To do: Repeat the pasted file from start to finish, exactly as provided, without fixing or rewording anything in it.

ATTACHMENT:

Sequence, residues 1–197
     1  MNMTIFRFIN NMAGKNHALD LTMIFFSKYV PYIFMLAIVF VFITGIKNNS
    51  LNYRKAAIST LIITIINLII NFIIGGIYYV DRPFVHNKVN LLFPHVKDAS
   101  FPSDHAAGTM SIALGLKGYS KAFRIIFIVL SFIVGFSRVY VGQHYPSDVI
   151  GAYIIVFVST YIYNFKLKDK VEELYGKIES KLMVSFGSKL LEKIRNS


Sequence, residues 1–197
     1  MNMTIFRFIN NMAGKNHALD LTMIFFSKYV PYIFMLAIVF VFITGIKNNS
    51  LNYRKAAIST LIITIINLII NFIIGGIYYV DRPFVHNKVN LLFPHVKDAS
   101  FPSDHAAGTM SIALGLKGYS KAFRIIFIVL SFIVGFSRVY VGQHYPSDVI
   151  GAYIIVFVST YIYNFKLKDK VEELYGKIES KLMVSFGSKL LEKIRNS